This site uses cookies to improve your experience and to provide services and advertising. By continuing to browse, you agree to the use of cookies described in our Cookies Policy. You may change your settings at any time but this may impact on the functionality of the site. To learn more see our Cookies Policy.
OK
Dublin: 12 °C Tuesday 26 March, 2019
Advertisement

5 talking points as Dublin exact sweet revenge on Cork on All-Ireland final day

The Sky Blues came out on top in an intriguing battle as 50,141 watched on in Croke Park.

1. Sweet, sweet revenge for Dublin

AFTER NARROW LOSSES to Cork in the 2014, 2015 and 2016 All-Ireland finals, Dublin finally put the hurt and heartbreak to bed on the biggest day in the ladies football calendar.

Dublin celebrate after the game with the trophy Source: Tommy Dickson/INPHO

They may have lifted the Brendan Martin Cup in Croke Park last September to make it fourth time lucky, but that was against Mayo.

Today, they successfully defended the title making it two in-a-row for the first time in the county’s history.

There was a huge amount of talk of revenge in the build-up, how special it would be to beat the old enemy who had inflicted so much hurt upon the Sky Blues.

Dublin played it down of course, but how sweet it must have been as the final hooter sounded today.

2. Another record-breaking attendance 

50,141. 

Last year, 46,286 turned out to Croke Park to watch Dublin lift the silver, and that was record-shattering. But today, that increased further and is close to double the 27,374 fans who watched Cork edge Dublin in the 2014 decider.

A general view of supporters at the game Source: Oisin Keniry/INPHO

It comes as the sixth-highest attendance across all Gaelic games codes this year; the two All-Ireland finals, the two hurling semi-finals and the Dublin-Galway football last four clash edging it.

3. An intriguing battle 

The crowd at HQ, and those watching from home were treated to a fine exhibition of all-out football today. 

It started quite cagey and tactical, as expected, both sides getting their bearings on the game as neither could afford to give anything much away at early doors.

The game then started to flow more and more as it turned into an exciting end-to-end battle with physicality coming the fore. Two brilliant sides brought the best out of one another and it turned into a titanic contest, settled mainly by Carla Rowe’s 49th-minute goal.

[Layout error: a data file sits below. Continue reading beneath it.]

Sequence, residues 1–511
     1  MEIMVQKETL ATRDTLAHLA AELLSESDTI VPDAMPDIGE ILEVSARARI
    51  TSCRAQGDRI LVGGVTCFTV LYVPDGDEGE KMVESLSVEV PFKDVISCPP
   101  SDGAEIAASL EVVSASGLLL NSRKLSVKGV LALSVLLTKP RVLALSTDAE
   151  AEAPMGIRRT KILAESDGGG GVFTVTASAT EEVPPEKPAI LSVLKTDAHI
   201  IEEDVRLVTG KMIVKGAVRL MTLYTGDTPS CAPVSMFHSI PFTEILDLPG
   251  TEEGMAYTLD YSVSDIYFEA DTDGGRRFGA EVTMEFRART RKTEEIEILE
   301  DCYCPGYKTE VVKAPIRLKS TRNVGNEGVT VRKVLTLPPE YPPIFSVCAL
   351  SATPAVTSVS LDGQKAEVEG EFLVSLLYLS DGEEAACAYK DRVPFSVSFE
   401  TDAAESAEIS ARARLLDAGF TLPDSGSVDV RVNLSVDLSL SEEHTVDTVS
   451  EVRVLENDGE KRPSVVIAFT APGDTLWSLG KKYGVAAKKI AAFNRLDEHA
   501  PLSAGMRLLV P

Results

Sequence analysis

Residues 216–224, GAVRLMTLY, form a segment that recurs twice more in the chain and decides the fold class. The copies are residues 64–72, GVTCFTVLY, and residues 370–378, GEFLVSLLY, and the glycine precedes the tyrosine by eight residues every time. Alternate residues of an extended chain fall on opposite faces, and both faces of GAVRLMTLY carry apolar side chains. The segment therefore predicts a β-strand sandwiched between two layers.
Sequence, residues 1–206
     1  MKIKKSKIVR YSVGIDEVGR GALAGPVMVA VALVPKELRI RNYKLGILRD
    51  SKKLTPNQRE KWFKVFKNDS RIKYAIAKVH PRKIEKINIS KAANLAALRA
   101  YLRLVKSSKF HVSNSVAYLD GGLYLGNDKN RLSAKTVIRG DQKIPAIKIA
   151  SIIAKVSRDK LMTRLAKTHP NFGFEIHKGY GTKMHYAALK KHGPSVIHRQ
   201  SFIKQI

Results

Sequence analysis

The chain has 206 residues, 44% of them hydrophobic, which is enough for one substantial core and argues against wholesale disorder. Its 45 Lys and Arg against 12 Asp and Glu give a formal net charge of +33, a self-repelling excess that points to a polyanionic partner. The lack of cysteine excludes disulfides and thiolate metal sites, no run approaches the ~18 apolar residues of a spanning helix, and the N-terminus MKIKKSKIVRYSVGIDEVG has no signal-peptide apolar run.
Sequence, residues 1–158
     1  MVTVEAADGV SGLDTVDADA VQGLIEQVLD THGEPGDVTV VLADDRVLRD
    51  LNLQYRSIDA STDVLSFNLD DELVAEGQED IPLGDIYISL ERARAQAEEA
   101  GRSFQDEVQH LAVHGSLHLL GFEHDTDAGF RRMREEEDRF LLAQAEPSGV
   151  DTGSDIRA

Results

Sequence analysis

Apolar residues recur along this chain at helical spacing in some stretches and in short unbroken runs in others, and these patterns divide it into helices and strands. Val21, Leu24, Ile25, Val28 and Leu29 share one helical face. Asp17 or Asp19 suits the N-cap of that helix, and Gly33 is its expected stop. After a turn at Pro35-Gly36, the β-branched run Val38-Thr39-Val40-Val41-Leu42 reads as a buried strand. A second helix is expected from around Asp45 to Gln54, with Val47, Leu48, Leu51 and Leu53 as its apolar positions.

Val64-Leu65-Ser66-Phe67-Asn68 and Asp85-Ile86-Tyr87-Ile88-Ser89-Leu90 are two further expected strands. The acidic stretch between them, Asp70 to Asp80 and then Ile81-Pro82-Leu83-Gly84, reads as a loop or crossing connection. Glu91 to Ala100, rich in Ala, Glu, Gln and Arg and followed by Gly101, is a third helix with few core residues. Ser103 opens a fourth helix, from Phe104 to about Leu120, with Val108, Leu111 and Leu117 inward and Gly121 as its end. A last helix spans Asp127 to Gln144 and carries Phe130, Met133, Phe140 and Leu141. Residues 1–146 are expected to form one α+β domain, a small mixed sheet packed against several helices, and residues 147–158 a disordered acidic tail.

Niamh McEvoy with Aisling Hutchings and Shauna Kelly Source: Tommy Dickson/INPHO

4. Goals at crucial moments key

Carla Rowe’s second individual major as the clock ran down ultimately settled the finely-balanced contest, making it 3-8 to 1-10 as it struck 50. But the two Dublin goals that preceded it also came at crucial moments.

Sinéad Aherne cooly converted a penalty in the 16th minute to make it 1-3 to 0-3 and give Mick Bohan’s charges the edge. Prior to that, Cork had started to get a foothold on the game with three Orla Finn frees but that stopped them in their tracks. 

Áine O’Sullivan’s super goal had drawn the Rebels level again and some points at both ends followed. But Rowe’s 28th-minute goal made it 2-5 to 1-5 as half time approached. 

5. What’s next?

Well, there’s already talk of a Dublin three in-a-row. After writing two pieces of new history this year — a first Division 1 league title and a first championship back-t0-back — that’ll surely be to the back of players’ minds as they face into winter.

The Cork team stand during the trophy presentation Source: Oisin Keniry/INPHO

Who’ll stay on though? Will seasoned campaigners finish on a high or come back for more?

They’re are a clinical and well-drilled outfit and with youth on their side, this could very well be the start a reign of terror, similar to that Cork had.

But this is a different Cork team. They impressed this year and although their bid for a 12th title in 14 years fell short, they’ll surely bottle the hurt of losing a first All-Ireland final and come back all guns blazing in 2019.

The42 is on Instagram! Tap the button below on your phone to follow us!

  • Share on Facebook
  • Email this article
  •  

About the author:

Emma Duffy

Read next:

COMMENTS (7)

This is YOUR comments community. Stay civil, stay constructive, stay on topic. Please familiarise yourself with our comments policy here before taking part.
write a comment

    Leave a commentcancel